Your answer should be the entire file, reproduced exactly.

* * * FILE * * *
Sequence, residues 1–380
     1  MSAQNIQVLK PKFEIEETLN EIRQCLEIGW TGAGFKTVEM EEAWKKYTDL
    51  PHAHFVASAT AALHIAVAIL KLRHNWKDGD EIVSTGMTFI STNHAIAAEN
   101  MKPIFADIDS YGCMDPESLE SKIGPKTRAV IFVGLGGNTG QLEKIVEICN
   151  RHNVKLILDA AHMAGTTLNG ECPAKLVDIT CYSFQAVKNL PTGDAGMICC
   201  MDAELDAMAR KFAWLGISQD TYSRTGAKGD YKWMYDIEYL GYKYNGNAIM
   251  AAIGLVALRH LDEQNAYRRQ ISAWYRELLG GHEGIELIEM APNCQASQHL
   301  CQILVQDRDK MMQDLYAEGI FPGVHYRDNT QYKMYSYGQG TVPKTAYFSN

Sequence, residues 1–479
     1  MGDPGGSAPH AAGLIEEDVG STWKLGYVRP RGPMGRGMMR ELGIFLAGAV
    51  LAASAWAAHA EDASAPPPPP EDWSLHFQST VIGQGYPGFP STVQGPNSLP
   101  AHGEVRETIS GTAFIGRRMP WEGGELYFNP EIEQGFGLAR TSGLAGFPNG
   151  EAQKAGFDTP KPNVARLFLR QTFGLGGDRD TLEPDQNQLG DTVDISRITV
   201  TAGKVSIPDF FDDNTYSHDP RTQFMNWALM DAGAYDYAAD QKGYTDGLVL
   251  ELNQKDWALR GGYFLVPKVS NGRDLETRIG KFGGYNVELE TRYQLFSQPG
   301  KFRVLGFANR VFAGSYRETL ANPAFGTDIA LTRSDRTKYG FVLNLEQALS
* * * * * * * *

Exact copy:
Sequence, residues 1–380
     1  MSAQNIQVLK PKFEIEETLN EIRQCLEIGW TGAGFKTVEM EEAWKKYTDL
    51  PHAHFVASAT AALHIAVAIL KLRHNWKDGD EIVSTGMTFI STNHAIAAEN
   101  MKPIFADIDS YGCMDPESLE SKIGPKTRAV IFVGLGGNTG QLEKIVEICN
   151  RHNVKLILDA AHMAGTTLNG ECPAKLVDIT CYSFQAVKNL PTGDAGMICC
   201  MDAELDAMAR KFAWLGISQD TYSRTGAKGD YKWMYDIEYL GYKYNGNAIM
   251  AAIGLVALRH LDEQNAYRRQ ISAWYRELLG GHEGIELIEM APNCQASQHL
   301  CQILVQDRDK MMQDLYAEGI FPGVHYRDNT QYKMYSYGQG TVPKTAYFSN

Sequence, residues 1–479
     1  MGDPGGSAPH AAGLIEEDVG STWKLGYVRP RGPMGRGMMR ELGIFLAGAV
    51  LAASAWAAHA EDASAPPPPP EDWSLHFQST VIGQGYPGFP STVQGPNSLP
   101  AHGEVRETIS GTAFIGRRMP WEGGELYFNP EIEQGFGLAR TSGLAGFPNG
   151  EAQKAGFDTP KPNVARLFLR QTFGLGGDRD TLEPDQNQLG DTVDISRITV
   201  TAGKVSIPDF FDDNTYSHDP RTQFMNWALM DAGAYDYAAD QKGYTDGLVL
   251  ELNQKDWALR GGYFLVPKVS NGRDLETRIG KFGGYNVELE TRYQLFSQPG
   301  KFRVLGFANR VFAGSYRETL ANPAFGTDIA LTRSDRTKYG FVLNLEQALS